By Mackey Craven
Published On :- 2017-July-17th
True leadership springs from a deep understanding of simple but profound tenets that can be successfully applied to any team scenario, whether the team in question is setting league records or building a company. Earlier this year, at OpenView’s CEO Forum, I had the chance to speak with one of the great leaders in sports today – Steve Kerr, head coach of the Golden State Warriors.
Kerr’s NBA career highlights reel features an impressive series of accomplishments. As a player, he was a five-time NBA champion with the Chicago Bulls (three rings) and the San Antonio Spurs (two rings). To date, his record for the highest career three-point percentage (45.4%) remains unbroken. Kerr’s winning streak continued when he transitioned into coaching. In his first season as head coach he led the Warriors to win the 2015 NBA Championship, in 2016 he was named NBA Coach of the Year as the Warriors set an NBA record 73-win season, and as of this article’s publication, the Warriors won another NBA Championship (congratulations!).
I talked with Kerr about his leadership style and philosophy given the parallels between his role and that of a startup CEO. Both coach and CEO work hard to get the most out of their teams – encouraging high-performing individuals to work together to win against an incredibly challenging field of competitors. Both are working in a fast-paced environment with high stakes, big personalities and many do-or-die moments.
My conversation with Kerr surfaced a number of insights that can help CEOs of expansion-stage software companies motivate and manage their teams more effectively so they can achieve the kind of dominance the Golden State Warriors see on the court.
Find your mentors, but be true to yourself
Kerr’s first observation about the most important leadership lessons he’s learned from his experience with the Warriors combined two, seemingly opposite ideas: seeking out mentors and being yourself. After he explained, however, the combination made complete sense.
“One of the things I did for a couple of years before I got the head coach job with the Warriors was to visit as many coaches as I could – especially the ones I admired – and really pick their brains, ” Kerr recalls. He met with legendary coaches including Phil Jackson, Gregg Popovich, Lute Olson, Lenny Wilkens and Pete Carroll. “I was able to get an in-depth look at their teams and staffs, and they shared with me the mistakes they’d made as young coaches as well as how they got better as they went along.”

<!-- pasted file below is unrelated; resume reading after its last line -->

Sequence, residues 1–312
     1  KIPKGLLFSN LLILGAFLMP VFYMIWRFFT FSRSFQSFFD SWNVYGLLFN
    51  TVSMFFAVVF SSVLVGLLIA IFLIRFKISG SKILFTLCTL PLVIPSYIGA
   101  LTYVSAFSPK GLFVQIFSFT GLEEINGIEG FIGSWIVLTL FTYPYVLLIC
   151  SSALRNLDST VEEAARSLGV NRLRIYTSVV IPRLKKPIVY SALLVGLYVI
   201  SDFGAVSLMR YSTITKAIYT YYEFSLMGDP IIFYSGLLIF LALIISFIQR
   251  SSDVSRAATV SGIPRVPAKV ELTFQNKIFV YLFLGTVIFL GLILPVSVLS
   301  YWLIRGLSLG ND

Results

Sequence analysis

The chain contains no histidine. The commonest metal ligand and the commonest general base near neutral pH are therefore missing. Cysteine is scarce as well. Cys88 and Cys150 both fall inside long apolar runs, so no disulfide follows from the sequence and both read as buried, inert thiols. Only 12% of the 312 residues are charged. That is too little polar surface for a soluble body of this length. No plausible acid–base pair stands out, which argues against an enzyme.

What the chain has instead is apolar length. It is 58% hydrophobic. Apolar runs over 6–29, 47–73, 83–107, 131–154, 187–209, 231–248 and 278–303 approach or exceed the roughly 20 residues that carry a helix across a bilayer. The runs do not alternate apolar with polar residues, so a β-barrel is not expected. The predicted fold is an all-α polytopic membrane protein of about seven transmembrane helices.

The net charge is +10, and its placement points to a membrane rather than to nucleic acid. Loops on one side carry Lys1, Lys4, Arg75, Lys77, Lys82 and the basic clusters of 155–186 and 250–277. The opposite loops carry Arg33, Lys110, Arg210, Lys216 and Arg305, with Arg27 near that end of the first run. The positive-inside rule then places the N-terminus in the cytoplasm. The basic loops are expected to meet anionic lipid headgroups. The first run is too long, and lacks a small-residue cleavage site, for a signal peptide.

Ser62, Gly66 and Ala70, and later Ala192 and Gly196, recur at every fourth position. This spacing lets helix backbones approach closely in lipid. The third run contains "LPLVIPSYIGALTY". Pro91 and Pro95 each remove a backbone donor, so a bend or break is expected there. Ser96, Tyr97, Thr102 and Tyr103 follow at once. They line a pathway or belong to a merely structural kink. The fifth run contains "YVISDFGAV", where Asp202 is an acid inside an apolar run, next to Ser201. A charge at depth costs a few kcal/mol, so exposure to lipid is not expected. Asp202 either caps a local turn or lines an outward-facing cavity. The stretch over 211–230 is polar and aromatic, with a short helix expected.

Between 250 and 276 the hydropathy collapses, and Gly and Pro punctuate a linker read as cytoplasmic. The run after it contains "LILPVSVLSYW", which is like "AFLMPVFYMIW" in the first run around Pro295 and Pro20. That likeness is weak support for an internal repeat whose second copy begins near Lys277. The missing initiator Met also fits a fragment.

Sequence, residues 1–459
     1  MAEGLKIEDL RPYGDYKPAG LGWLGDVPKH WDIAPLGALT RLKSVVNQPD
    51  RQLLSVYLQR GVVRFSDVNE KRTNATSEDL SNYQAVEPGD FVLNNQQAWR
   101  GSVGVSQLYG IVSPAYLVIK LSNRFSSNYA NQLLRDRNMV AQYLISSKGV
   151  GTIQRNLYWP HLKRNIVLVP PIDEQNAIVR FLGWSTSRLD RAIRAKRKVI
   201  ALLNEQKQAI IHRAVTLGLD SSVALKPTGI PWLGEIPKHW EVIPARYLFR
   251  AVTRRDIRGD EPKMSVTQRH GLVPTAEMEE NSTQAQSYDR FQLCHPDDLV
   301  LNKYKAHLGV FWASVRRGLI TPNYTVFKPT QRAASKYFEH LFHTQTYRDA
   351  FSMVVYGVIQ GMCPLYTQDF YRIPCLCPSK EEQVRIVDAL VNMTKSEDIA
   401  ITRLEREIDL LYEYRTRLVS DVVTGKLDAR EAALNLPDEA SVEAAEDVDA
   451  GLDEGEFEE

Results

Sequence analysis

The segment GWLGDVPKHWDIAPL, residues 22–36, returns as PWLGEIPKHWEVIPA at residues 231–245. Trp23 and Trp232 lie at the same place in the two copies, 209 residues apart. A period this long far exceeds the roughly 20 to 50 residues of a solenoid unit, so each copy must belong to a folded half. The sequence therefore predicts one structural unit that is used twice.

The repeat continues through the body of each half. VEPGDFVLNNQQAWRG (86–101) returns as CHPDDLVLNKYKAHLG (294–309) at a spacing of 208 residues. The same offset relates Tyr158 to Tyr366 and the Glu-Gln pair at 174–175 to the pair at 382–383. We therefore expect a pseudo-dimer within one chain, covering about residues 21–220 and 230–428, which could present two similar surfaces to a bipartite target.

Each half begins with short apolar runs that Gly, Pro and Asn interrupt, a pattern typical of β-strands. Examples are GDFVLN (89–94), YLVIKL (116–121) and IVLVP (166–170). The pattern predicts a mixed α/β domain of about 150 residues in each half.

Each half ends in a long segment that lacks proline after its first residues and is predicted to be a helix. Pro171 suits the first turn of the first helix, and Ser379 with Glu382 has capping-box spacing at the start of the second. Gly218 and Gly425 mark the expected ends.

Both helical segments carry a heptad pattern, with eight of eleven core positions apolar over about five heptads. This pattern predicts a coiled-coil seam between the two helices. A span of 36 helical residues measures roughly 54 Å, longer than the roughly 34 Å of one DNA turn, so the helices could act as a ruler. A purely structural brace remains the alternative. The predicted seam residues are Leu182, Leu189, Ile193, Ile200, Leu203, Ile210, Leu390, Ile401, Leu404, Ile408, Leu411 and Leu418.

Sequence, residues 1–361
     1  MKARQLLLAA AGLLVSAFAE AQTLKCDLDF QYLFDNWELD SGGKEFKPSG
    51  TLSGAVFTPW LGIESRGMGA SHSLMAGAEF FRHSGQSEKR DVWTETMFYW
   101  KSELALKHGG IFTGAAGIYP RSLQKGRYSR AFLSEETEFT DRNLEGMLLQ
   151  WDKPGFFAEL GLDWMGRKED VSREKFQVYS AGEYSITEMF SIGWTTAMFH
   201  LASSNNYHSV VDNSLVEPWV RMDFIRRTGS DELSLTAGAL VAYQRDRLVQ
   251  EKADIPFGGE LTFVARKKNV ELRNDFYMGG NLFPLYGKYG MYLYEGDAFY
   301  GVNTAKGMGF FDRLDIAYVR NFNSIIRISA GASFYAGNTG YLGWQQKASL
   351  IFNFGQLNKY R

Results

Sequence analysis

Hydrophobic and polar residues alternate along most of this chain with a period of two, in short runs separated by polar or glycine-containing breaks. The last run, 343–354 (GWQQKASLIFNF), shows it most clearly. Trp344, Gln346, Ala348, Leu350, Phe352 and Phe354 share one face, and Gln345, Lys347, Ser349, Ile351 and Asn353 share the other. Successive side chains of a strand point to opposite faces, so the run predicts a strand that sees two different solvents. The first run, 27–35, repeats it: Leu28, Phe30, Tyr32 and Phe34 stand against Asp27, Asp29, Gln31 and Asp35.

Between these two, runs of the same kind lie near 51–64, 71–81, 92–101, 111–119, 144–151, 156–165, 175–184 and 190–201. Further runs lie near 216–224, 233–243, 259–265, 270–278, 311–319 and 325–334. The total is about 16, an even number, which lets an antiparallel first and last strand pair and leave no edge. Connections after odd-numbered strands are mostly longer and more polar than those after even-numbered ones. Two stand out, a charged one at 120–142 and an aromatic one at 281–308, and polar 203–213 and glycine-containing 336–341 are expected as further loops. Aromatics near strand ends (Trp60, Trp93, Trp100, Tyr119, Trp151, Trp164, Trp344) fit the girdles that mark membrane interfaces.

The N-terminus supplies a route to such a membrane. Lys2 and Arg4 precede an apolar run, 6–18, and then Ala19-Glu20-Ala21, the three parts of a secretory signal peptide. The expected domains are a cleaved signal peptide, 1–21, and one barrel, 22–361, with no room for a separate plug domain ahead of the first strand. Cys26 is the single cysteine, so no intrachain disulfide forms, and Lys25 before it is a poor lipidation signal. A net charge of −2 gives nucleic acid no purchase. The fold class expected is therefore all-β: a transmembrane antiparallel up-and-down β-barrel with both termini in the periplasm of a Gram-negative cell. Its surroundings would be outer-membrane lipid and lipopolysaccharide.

But, even as Kerr was taking in all this wisdom from all these star coaches, he realized that no one person had all the right answers. “The main theme that came across over and over again in these conversations was be yourself,” he says. “There’s no point in trying to be someone else. You can emulate somebody else, but you can’t be someone else. As soon as you start quoting Vince Lombardi, players are going to know it’s fake.”
The bottom line is that while it’s wise to seek out and learn from mentors early on, you need to develop your own, authentic and genuine leadership philosophy and style.
Define your values
One of the most important pieces of advice that Kerr received while he was visiting with different mentors was to take the time to clearly define his philosophy, values and vision for the team. “One of the biggest things for me, as a coach, was the opportunity to implement the things that are most important to me and reflect my values,” Kerr explains. “Sharing those with your team and making those values part of your everyday existence in a way that comes from your heart is where you’ll find traction.”
Kerr got some great tactical tips on how to identify his values when he went to Seattle to sit in on a training camp with Pete Carroll, coach for the Seahawks. “Pete told me to take a look at my own personality and write down the ten most important values in my life,” Kerr says. “Then, he told me to take those ten values and whittle them down to four by really thinking about what would be most important to me as a coach.” Kerr came away from that exercise with four clearly defined values that he has used ever since to guide the Warriors on a daily basis:
“We are the luckiest people on earth,” Kerr says. “We play basketball for a living. People dream of that, so we never, ever want to lose sight of the fact that this has got to be fun. We make sure that’s reflected each day – we joke around, make fun of each other and include stupid videos in our strategy sessions. Our guys laugh quite a bit.”
“Winning has to matter, and to win at this level, you’d better be competitive,” Kerr says. “It’s important to keep score constantly, to always keep track of who is winning and who is losing, even in practices. But,” he adds, with a nod to the value of joy, “do it in a fun way.”
“One of the trickiest things for a pro athlete is finding the balance between over thinking and not paying attention. There’s a sweet spot where you’re dialed in, but still loose,” Kerr says. “We’re always trying to find that balance and have found that mindfulness training can help.”
“Playing in the NBA is a dream job, but it’s a difficult one, relatively speaking. Our guys aren’t digging ditches, but they do get booed and traded and cut and injured. It’s not easy,” Kerr says. “Players worry about their careers. They lose sleep when they’re not playing well. So, compassion is a big deal.”
Get to know your team